They might as well have named Melengeç the “Solar Eclipse” or the “Dodo Bird,” because, in the handful of meals we’ve had at this cozy Arnavutköy restaurant, its namesake dish, melengeç, made from the green leaves of a tree from the Aegean shores, has not once made an appearance at the table.
Luckily, there was no shortage of competent substitutes. On a recent visit we sampled no fewer than four different and unusual greens, all remarkably different. In a country where even an innocent-looking plate of rice usually conceals some form of meat, Melengeç’s wide variety of purely vegetarian offerings is a pleasant change of pace. Complemented by laid-back service in a tastefully decorated old wooden home, Melengeç sets the stage for a fine evening on the Bosphorus.
The shores of the Aegean Sea, from where the owner/operators of Melengeç hail, must be overrun with seaweed: Day-Glo spiny ones, fluffy dry ones, twiggy dark green greens. So apparently sophisticated is the Aegean taste for its weeds that Melengeç has two separate meze trays, both monopolized by little plates of greenstuff. The selection process can be a bit overwhelming, so we relied on the advice of our waiter, who steered us toward the house favorites.
Some were bitter, others sour, one had a garlicky kick and one kept slipping off of the fork. We were pleasantly surprised by the contrasts in flavor and texture presented by a few plates of greens all stewed in olive oil and then chilled. Among the many greens, the deniz börülcesi (“sea samphire,” as it is known in English) was most appealing.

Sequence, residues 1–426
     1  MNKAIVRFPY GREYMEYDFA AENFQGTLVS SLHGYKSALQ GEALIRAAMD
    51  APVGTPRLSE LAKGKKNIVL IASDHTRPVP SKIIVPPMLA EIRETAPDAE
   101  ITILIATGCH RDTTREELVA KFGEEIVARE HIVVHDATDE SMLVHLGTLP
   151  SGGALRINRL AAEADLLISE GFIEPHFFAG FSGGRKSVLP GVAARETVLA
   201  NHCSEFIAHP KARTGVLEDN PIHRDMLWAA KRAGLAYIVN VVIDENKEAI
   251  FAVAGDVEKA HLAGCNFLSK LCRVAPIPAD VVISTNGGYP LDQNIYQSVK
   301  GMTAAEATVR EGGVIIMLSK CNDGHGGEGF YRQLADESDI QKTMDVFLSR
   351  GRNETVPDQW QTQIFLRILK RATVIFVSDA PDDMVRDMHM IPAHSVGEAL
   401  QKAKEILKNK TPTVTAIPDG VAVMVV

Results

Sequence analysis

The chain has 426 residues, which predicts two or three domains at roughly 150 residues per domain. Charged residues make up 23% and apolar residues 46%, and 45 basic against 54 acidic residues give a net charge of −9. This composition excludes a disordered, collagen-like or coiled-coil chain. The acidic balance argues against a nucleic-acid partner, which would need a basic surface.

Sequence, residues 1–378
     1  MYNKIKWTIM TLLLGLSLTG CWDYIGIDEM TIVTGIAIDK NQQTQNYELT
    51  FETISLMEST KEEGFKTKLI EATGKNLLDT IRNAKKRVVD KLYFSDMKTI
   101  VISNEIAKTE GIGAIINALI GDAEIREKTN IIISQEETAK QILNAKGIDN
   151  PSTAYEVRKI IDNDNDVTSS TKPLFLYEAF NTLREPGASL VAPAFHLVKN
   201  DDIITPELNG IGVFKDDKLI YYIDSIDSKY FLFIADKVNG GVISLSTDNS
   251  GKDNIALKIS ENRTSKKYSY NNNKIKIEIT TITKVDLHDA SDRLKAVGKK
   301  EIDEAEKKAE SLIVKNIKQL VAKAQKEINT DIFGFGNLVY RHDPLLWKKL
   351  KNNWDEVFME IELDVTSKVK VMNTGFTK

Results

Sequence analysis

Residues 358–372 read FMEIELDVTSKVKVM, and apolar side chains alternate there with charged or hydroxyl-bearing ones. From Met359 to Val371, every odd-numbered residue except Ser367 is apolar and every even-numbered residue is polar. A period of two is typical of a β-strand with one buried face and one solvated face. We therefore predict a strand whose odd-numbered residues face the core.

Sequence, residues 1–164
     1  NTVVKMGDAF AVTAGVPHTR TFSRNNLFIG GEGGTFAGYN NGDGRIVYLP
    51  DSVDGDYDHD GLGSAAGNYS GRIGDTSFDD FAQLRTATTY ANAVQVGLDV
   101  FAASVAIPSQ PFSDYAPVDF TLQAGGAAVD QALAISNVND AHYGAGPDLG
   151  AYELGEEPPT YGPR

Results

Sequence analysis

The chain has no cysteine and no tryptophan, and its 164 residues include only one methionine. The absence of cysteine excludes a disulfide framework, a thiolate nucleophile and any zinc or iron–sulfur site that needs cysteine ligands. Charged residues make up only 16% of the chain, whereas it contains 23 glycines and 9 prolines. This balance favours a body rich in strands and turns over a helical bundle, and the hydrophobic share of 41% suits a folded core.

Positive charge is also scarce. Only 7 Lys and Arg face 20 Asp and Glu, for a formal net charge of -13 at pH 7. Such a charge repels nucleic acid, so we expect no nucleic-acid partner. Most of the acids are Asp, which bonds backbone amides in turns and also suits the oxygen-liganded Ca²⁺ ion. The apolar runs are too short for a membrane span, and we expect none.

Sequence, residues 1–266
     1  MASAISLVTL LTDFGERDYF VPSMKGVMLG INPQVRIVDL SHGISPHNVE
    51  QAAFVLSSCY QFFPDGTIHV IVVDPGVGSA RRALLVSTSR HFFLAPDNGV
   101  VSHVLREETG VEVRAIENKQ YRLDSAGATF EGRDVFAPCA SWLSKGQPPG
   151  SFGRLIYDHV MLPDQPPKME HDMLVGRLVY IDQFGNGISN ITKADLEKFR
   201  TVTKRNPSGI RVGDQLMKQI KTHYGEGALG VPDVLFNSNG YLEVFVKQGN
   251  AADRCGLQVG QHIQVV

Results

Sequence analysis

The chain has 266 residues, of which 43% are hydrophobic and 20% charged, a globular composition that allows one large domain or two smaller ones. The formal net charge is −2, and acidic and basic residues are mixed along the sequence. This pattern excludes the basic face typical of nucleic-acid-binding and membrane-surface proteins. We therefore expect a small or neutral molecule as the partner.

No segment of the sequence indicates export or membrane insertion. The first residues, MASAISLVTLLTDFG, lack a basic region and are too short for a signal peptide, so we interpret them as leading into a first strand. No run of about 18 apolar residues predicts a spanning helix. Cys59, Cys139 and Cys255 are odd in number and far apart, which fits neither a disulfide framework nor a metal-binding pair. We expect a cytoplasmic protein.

But the star of the meze tray is surely the kabak çiçeği dolma, stuffed squash blossom, served with a dollop of strained yogurt. A plate of these – which were stuffed with fragrant rice and dressed with a drizzle of Aegean olive oil – emptied quickly, forcing us to call for more.
Along with the second round of dolma, we ordered one of the house specials, patlıcan balık (literally “eggplant fish”), presumably resembling fried fish to whoever wrote the menu. The light, airy slices of eggplant fried in batter reminded us of tempura and, pleasantly, tasted the part.
As eccentric as the starters were, there is, sadly, nothing remarkable about the main courses. Tire köfte, or Aegean-style meatballs, were welcomed by those who can’t leave the table without a bit of meat, but certainly don’t compare to other köfte found around town (see: Köfteci Hüseyin: The Cadillac of Meatballs ). Keşkek, a hulled wheat and lamb porridge, is an effective belly-filler, but we found it bland in comparison to Melengeç’s other specialties. In many ways, making a meal out of the restaurant’s hot and cold mezes might be the best way to appreciate its menu.
Despite its shortcomings, we find ourselves drawn back to Melengeç, perhaps in an effort to finally understand what makes this quirky restaurant tick. Of course, we are also secretly hoping that on one of these visits we might also get a chance to taste that elusive and mysterious melengeç.
Address: 1 Cadde No: 73, Arnavutköy
(Note: This post has been corrected. The original post incorrectly referred to melengeç as a seaweed.)